#US dollar sinks to three-month low
“#US dollar sinks to three-month low”
June 10, 2020 | 2:26pm
Concern about possible measures or even a simple statement of intent by the Fed to hold down the yields of US government bonds has kept the US currency under pressure.
Some investors believe the Fed, which is not expected to change its interest rate policy, may decide either today or at a later date to adopt yield-curve control measures to guide 10-year Treasury yields lower.
“The Fed is definitely considering it. They will definitely say they are considering all options to meet their objectives,” said John Floyd, principal portfolio manager at Record Currency Management in New York.
“But I don’t think they will announce explicit targets. There is really no incentive to do that as the economy is just reopening and the US employment data is stronger than expected,” he added.
Earlier this month, hopes that the US economy would recover faster than expected had pushed yields of US government bonds to their highest level in nearly three months and strengthened the dollar.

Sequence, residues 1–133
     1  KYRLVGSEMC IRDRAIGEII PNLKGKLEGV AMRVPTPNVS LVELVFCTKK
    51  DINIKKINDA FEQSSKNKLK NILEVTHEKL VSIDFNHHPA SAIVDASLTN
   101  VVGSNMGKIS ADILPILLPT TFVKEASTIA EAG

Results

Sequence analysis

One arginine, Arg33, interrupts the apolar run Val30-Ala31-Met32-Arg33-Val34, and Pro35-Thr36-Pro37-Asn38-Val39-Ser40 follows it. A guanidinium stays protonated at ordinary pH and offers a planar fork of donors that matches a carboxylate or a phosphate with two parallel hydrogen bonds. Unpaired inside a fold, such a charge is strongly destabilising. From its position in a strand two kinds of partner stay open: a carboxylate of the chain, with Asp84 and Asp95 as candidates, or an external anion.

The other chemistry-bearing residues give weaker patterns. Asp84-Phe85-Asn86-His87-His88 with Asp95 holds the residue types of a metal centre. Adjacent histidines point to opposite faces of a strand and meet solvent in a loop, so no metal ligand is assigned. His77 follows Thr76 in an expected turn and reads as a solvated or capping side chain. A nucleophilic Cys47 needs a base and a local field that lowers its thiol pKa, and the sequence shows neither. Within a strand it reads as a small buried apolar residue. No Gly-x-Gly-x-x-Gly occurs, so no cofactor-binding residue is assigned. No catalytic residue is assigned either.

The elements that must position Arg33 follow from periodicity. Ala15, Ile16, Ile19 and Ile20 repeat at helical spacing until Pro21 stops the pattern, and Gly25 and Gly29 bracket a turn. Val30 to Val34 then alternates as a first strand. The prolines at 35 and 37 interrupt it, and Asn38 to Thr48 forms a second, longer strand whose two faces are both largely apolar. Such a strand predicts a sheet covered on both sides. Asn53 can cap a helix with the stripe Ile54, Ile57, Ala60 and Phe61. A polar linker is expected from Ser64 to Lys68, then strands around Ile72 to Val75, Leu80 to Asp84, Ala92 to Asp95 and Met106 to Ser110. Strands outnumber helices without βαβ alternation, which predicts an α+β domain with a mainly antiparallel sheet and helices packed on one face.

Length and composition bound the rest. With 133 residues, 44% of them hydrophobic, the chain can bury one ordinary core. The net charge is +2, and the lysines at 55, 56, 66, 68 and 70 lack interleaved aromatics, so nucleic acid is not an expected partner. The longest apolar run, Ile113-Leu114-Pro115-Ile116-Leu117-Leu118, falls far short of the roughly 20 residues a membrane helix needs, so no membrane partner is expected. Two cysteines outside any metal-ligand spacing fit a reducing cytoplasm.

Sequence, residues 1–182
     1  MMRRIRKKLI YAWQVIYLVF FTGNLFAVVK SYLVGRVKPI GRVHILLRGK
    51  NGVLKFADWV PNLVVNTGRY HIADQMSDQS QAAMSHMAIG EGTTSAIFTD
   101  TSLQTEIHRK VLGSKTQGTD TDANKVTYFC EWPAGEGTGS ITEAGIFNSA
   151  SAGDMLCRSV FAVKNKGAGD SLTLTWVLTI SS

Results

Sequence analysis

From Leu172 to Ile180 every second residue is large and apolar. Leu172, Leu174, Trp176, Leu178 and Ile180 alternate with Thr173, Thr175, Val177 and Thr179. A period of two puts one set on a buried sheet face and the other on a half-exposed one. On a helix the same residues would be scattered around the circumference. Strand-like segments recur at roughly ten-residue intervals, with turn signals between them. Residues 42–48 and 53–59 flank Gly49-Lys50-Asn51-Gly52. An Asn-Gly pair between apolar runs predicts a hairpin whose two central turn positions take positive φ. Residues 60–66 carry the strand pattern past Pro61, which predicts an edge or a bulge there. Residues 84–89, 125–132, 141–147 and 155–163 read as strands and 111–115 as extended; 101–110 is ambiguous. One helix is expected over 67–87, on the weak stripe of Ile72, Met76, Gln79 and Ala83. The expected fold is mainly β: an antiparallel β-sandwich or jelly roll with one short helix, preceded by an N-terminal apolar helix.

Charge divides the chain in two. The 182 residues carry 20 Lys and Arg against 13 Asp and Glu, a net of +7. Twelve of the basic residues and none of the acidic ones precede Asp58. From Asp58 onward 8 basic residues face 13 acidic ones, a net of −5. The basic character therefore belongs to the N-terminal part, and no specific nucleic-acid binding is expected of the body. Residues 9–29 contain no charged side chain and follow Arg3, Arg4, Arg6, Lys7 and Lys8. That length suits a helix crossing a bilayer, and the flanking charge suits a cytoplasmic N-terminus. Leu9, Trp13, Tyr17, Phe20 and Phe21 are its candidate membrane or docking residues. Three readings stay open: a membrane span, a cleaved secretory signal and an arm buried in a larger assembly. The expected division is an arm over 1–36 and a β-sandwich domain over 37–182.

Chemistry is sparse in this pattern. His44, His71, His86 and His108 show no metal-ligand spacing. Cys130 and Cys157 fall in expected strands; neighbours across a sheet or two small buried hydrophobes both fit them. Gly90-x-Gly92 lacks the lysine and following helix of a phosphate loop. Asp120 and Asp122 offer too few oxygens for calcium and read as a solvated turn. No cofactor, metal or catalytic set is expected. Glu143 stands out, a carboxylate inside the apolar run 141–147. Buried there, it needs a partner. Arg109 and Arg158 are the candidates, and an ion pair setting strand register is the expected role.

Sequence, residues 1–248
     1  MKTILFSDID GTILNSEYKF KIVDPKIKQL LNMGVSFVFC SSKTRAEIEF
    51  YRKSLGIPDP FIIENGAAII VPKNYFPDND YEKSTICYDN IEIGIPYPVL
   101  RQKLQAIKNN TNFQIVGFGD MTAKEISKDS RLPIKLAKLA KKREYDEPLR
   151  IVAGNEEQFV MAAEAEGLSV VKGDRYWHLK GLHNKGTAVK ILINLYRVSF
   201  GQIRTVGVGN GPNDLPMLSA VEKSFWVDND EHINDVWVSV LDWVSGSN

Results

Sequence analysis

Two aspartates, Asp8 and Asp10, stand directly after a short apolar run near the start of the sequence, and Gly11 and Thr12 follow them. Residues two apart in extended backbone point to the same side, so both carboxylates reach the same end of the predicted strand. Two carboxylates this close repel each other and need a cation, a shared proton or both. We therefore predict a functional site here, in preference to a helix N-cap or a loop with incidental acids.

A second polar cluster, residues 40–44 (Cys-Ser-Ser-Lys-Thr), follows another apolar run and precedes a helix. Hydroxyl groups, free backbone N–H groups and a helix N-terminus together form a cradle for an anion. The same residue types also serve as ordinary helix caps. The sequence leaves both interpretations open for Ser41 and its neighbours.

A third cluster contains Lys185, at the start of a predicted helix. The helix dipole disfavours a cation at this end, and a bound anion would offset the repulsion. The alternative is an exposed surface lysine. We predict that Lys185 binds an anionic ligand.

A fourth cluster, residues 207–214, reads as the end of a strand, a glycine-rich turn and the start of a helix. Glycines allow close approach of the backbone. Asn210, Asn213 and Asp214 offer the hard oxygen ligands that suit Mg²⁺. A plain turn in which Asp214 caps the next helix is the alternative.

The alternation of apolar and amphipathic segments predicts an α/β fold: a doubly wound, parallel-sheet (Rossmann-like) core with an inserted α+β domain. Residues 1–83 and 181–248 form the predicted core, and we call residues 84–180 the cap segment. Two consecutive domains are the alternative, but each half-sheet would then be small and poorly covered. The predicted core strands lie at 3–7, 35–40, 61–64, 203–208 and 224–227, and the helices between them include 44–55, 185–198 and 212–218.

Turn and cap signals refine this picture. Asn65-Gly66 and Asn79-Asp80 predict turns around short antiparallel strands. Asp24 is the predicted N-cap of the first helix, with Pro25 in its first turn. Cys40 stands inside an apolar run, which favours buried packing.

In mid-morning trading, against a basket of major currencies, the dollar fell about 0.4 percent, to 96.061, after earlier sliding to 95.973, a level not seen since March 12.
The euro EUR=EBS, the pound GBP=D3 and the Swiss franc CHF=EBS all reached three-month highs against the dollar.
The euro rose as high as $1.1389, sterling reached $1.2803 and the Swiss franc $0.9514.
The dollar also fell against the yen to a two-week low of 107.26 JPY=EBS, and was last down 0.4 percent at 107.32 yen.
The greenback, though, reacted little after data showed US consumer prices fell for a third straight month in May, with the index dipping 0.1 percent after plunging 0.8 percent in April.
In the meantime, the uncertainty about the outcome of the Fed meeting is likely to keep the dollar under pressure.
US central bankers on Wednesday will also publish their first economic projections since the coronavirus pandemic plunged the country into recession.
Estimates are expected to signal a collapse in output this year and near-zero interest rates for the next few years.
In other currencies, the Australian and New Zealand dollars resumed their recent rally against the US dollar, as economic activity in both countries was restored following the lifting of coronavirus restrictions.
The Australian economy saw its dollar rise 0.5 percent, to US$0.6996, not far from an 11-month high. The New Zealand dollar also rose 0.3 percent to US$0.6532.
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